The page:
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August 26, 2018

“The Struggle is Real”

By Rev. Katrina Pekich-Bundy

Ephesians 6.10-20

Psalm 84

August 26, 2018

When I was younger I danced competitively nearly every weekend. I came equipped with a large duffel bag and garment bag of dance gear: make-up, shoes, tights, leotards, and bobby pins. I was also equipped with muscle memory that knew the movements and a mental memory that remembered all the intricacies of the choreography. I had a toolbox that I took with me everywhere I danced, prepared for anything. I brought extra tights, extra bobby pins, and extra snacks, because I never knew what I might come across.

The scripture passage we read today is passing a duffel bag of equipment to the Ephesians to prepare them for their lives as Christians. The past few weeks we have read from this epistle and the author has informed the Christians about how to live everyday life. One week we learned about how to love our neighbors and express our emotions in positive manners. Last week we learned how to be rejoicing spirits and not “be stupid” in evil times. Here we read the summary of all this talk about being a Christian. “Finally,” the author begins – and maybe we think, “finally!” as well. Here we are – ready to take these words of wisdom out into the real world.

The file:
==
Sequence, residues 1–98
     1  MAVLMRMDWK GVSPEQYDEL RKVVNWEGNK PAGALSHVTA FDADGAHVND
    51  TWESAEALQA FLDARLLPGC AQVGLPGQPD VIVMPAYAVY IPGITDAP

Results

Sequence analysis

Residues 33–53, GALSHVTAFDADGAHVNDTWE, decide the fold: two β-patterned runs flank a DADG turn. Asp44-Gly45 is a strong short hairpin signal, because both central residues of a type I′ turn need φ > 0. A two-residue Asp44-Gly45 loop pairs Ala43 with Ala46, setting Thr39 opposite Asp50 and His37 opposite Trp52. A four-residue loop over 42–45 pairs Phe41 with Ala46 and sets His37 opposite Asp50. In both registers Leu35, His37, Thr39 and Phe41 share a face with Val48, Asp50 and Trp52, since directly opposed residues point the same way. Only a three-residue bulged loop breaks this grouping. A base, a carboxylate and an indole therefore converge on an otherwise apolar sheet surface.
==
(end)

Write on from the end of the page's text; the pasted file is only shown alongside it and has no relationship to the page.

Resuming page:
The author likes to talk about the “evil days” because it was thought that the Ephesians were living in the end times. We hear about forces of evil often in this pericope. Some of the evil that the Ephesians were experiencing was based on their community and what was happening in their context. The Roman Empire was in charge and Christians were persecuted.[1] The people really needed encouragement for living in evil days.